I obtained my Master's degree in Body and Mind Sciences at University of Turin (IT), where I spent one year as research assistant among MANIBUS Lab under the supervision of prof. Francesca Garbarini. During that period of hands-on experience with EEG setup, montage and data processing, I got familiar with behavioral and event-related potentials (ERPs) paradigms for investigating multi-sensory integration, motor control, body and space representation. My main research interest is interaction with music approached from the perspective of psychology and neurosciences, which brought me at IPEM Institute for Systematic Musicology to start a PhD in December 2018.
My work is focused on human rhythmic behavior, and develops along two lines of research. On the one hand, I investigate the behavioral and neural dynamics underlying interpersonal coordination. On the other hand, I develop methods for quantifying the stability of neural entrainment during synchronization with environmental rhythms. The methods of my research mainly consist of a combination of behavioral and electroencefalography (EEG) analyses from interactive experimental scenarios, with a core focus on multimodal signal processing and design of novel experimental paradigms.
My experimental work started with the design of an interactive paradigm for dyadic rhythmic interactions. In my first study, I focused on modality-specific dynamics of spontaneous entrainment, showing how the relevance of kinematics information conveyed via visual coupling shapes the interaction in very consistent manner across dyads. Ongoing extensions of this paradigm include sonification strategies to convey kinematic information via the auditory channel, and manipulation of visuo-spatial perspective via 'body-swapping'.
My training in more advanced neuroscientific methodologies began in 2019 under the supervision of Dr. O.A. Heggli and Professor P. Vuust from the Center for Music in the Brain in Århus (DK), where I spent one month for my first research stay abroad in 2019 and two months for a second stay in 2021. The proposal of the second stay was awarded an FWO Mobility Grant for long research stays abroad. To this date, the collaboration led to a joint publication on a high-impact neuroscientific journal, and a solid ongoing collaboration which is meant to result in further scientific output and extend beyond the duration of my PhD project.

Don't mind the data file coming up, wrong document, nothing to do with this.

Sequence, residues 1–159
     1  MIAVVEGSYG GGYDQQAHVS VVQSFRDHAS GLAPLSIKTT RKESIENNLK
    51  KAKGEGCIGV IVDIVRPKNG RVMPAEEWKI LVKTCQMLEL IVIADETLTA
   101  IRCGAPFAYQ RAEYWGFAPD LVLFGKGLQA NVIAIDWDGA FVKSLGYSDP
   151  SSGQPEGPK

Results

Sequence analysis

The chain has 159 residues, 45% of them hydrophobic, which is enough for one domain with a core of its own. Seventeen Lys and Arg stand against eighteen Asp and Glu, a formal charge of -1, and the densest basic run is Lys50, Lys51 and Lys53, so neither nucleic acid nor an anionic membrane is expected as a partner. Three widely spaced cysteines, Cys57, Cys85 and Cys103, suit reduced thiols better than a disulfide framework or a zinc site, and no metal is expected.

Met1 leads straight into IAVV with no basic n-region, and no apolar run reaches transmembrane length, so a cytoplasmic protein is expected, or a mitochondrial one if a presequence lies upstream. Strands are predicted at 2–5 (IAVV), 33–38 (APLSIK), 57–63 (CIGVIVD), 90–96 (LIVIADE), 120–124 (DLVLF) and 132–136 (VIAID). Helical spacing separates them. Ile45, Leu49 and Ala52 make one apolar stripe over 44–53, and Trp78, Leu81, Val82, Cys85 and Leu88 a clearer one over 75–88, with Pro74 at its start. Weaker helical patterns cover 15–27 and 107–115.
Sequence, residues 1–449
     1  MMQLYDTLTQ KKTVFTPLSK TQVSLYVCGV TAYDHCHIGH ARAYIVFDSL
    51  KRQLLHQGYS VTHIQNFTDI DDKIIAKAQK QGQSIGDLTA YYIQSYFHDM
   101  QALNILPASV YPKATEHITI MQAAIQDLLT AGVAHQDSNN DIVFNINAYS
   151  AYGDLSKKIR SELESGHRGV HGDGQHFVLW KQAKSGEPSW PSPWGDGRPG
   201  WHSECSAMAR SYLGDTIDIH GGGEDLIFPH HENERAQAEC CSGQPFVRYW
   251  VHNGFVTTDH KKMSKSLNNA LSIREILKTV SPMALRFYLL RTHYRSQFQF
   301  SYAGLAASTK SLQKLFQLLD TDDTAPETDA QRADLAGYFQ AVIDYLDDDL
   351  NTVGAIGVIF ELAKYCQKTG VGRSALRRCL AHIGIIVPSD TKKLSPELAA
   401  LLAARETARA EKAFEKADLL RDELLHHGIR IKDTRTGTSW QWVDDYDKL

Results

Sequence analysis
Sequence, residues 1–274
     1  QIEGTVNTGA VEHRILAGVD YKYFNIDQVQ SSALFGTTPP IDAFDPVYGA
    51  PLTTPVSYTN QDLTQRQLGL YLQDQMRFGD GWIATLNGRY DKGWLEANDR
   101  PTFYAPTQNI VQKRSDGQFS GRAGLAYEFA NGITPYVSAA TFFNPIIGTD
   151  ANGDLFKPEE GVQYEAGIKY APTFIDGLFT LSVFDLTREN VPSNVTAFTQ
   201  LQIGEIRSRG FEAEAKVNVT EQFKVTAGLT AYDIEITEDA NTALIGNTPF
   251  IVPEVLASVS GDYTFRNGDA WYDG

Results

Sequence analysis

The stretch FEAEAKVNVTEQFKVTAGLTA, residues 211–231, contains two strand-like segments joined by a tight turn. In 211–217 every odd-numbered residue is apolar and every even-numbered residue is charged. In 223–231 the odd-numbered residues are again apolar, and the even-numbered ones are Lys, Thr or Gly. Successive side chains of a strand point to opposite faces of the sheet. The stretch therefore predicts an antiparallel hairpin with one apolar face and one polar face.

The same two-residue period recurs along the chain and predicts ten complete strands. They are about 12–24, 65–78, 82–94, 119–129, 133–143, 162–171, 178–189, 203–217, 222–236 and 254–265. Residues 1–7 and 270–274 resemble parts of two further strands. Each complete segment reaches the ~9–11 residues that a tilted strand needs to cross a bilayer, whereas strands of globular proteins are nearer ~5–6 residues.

Delving into these techniques lead me to collaborating with Lousin Moumdjian from Ghent and Hasselt Universities (BE), investigating auditory-motor coupling in neuropathological populations such as persons with multiple sclerosis and cerebellar ataxia, and Marc Vidal Badia from Ghent (BE) and Granada (SP) Universities on mathematical modelling of intra- and inter-brain dynamics. Such collaborations led me to expand my research in the domains of neurorehabilitation and mathematics, respectively. In the case of L. Moumdjian, I am actively involved as collaborator in her personal FWO postdoc mandate in quality of EEG data analyst and consultant (2022-2025). This resulted in joint publications, ongoing submission to neuroscientific and neurorehabilitation journals, and a series of papers which I will co-author. Furthermore, it established a connection with the lab of Professor B. Morillon at Aix-Marseille University in Marseille (FR), where I had the opportunity to visit and consolidate my knowledge of advanced analysis methods based on cross-frequency of brain activity and rhythmic behaviors (finger-tapping and walking).
In 2019, I was awarded a BOF scholarship for the project ‘Human rhythmic interactions in healthy and clinical populations’, to extend my investigation to normal and pathological ageing, with the goal of building a fundamental knowledge of the sensorimotor deficit in Alzheimer Disease (AD) and address interventions to improve coordinative and communicative functions in such population. The project is being currently carried out under the co-supervision of Professor Séverine Samson and in the framework of a co-tutelle with the PSITEC research group in Lille (FR). The final outcome of the agreement will consist of the award of a joint-PhD in Art Science and Neuroscience, foreseen in October 2023.
In the daily practice, I am keeping up my never-ending study of neural signal processing developing and publishing novel analysis techniques. The know-how acquired so far allows me to implement experiments in autonomy within the facilities offered by IPEM (ASIL Art Science and Interaction Lab), and portable solutions to export the experimental settings among the facilities offered by our international partners.